RFC 8978 Reaction to Renumbering Events December 2020
Gont, et al. Informational [Page]
Internet Engineering Task Force (IETF)
F. Gont
SI6 Networks
J. Zorz
R. Patterson
Sky UK

RFC 8978

Reaction of Stateless Address Autoconfiguration (SLAAC) to Flash-Renumbering Events


In scenarios where network configuration information related to IPv6 prefixes becomes invalid without any explicit and reliable signaling of that condition (such as when a Customer Edge router crashes and reboots without knowledge of the previously employed prefixes), nodes on the local network may continue using stale prefixes for an unacceptably long time (on the order of several days), thus resulting in connectivity problems. This document describes this issue and discusses operational workarounds that may help to improve network robustness. Additionally, it highlights areas where further work may be needed.

Status of This Memo

This document is not an Internet Standards Track specification; it is published for informational purposes.

This document is a product of the Internet Engineering Task Force (IETF). It represents the consensus of the IETF community. It has received public review and has been approved for publication by the Internet Engineering Steering Group (IESG). Not all documents approved by the IESG are candidates for any level of Internet Standard; see Section 2 of RFC 7841.

Information about the current status of this document, any errata, and how to provide feedback on it may be obtained at https://www.rfc-editor.org/info/rfc8978.

Table of Contents

1. Introduction

IPv6 Stateless Address Autoconfiguration (SLAAC) [RFC4862] conveys information about prefixes to be employed for address configuration via Prefix Information Options (PIOs) sent in Router Advertisement (RA) messages. IPv6 largely assumes prefix stability, with network renumbering only taking place in a planned manner, old/stale prefixes being phased out via reduced prefix lifetimes, and new prefixes (with longer lifetimes) being introduced at the same time. However, there are several scenarios that may lead to the so-called "flash-renumbering" events, where the prefix employed by a network suddenly becomes invalid and replaced by a new prefix. In some of these scenarios, the local router producing the network renumbering event may try to deprecate the currently employed prefixes (by explicitly signaling the network about the renumbering event), whereas in other scenarios, it may be unable to do so.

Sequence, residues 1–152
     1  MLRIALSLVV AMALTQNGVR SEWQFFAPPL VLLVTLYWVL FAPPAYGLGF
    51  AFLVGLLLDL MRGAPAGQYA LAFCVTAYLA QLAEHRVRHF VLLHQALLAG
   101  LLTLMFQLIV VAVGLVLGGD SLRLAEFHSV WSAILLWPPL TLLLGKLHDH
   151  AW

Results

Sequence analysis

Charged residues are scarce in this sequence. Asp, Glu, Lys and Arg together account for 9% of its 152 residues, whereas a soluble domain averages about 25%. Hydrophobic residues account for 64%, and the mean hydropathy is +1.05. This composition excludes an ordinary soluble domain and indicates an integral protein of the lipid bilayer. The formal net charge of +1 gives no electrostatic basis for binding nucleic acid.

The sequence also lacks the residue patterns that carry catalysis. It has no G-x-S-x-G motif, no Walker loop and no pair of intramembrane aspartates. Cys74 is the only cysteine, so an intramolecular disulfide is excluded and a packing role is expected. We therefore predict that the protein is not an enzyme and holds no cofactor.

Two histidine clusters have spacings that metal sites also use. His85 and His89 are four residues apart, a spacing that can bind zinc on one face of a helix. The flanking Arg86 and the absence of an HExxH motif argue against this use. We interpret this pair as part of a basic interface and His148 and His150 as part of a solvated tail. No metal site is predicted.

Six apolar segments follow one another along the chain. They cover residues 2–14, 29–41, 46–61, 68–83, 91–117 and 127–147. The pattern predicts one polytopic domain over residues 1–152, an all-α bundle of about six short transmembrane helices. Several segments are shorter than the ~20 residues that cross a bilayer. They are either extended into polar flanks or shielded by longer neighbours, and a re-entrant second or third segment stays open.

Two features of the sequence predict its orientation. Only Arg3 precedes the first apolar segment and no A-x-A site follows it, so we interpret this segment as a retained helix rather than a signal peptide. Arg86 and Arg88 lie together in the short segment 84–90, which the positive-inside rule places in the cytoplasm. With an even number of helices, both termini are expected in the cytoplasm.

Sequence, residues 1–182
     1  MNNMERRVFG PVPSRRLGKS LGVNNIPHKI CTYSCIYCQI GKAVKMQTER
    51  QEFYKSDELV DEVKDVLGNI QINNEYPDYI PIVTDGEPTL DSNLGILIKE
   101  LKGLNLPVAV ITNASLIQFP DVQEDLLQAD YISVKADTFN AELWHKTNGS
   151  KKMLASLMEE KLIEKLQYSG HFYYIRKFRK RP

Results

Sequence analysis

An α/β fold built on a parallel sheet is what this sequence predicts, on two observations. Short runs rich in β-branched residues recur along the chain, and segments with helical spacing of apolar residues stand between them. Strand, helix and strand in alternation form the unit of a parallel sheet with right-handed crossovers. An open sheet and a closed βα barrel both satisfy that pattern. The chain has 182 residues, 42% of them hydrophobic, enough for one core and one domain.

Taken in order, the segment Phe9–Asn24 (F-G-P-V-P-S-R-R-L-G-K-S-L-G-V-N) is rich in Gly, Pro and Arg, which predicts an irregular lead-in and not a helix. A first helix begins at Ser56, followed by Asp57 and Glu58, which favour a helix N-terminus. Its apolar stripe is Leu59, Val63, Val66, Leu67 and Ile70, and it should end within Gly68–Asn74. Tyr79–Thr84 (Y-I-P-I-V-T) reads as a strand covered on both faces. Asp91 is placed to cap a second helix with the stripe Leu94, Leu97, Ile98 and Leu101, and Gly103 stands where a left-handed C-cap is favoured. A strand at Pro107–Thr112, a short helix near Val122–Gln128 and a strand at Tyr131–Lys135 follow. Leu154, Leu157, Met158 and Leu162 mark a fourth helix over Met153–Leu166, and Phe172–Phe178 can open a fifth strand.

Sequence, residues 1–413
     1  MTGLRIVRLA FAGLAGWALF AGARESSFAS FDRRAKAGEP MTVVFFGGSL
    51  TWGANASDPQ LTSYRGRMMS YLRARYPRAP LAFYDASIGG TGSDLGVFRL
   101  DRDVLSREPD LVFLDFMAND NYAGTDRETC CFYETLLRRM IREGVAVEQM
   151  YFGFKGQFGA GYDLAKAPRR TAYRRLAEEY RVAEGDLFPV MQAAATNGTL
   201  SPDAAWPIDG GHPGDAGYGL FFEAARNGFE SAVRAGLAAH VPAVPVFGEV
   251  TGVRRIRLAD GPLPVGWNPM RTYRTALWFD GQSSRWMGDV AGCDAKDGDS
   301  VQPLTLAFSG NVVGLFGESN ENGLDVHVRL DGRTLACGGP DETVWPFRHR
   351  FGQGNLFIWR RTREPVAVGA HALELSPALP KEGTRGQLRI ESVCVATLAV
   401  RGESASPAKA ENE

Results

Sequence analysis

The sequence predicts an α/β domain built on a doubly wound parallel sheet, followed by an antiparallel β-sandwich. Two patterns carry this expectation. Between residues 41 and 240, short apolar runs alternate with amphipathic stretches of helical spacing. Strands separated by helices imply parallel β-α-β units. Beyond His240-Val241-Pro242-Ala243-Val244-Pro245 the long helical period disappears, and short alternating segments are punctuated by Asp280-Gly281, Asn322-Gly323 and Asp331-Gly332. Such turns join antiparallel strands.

For a number of reasons (such as the ones stated above), IPv6 deployments may employ dynamic prefixes (even at the expense of the issues discussed in this document), and there might be scenarios in which the dynamics of a network are such that the network exhibits the behavior of dynamic prefixes. Rather than trying to regulate how operators may run their networks, this document aims at improving network robustness in the deployed Internet.

2. References

2.1. Normative References

Thomson, S., Narten, T., and T. Jinmei, "IPv6 Stateless Address Autoconfiguration", RFC 4862, DOI 10.17487/RFC4862, , <https://www.rfc-editor.org/info/rfc4862>.

2.2. Informative References

BFDI, "Einführung von IPv6 Hinweise für Provider im Privatkundengeschäft und Hersteller" (Introduction of IPv6: notes for providers in the private sector and manufacturers), Entschliessung der 84. Konferenz der Datenschutzbeauftragten des Bundes und der Lander, , <http://www.bfdi.bund.de/SharedDocs/Publikationen/Entschliessungssammlung/DSBundLaender/84DSK_EinfuehrungIPv6.pdf?__blob=publicationFile>.

Authors' Addresses

Fernando Gont
SI6 Networks
7mo Piso
Segurola y Habana 4310
Villa Devoto
Ciudad Autonoma de Buenos Aires
Jan Zorz
Richard Patterson
Sky UK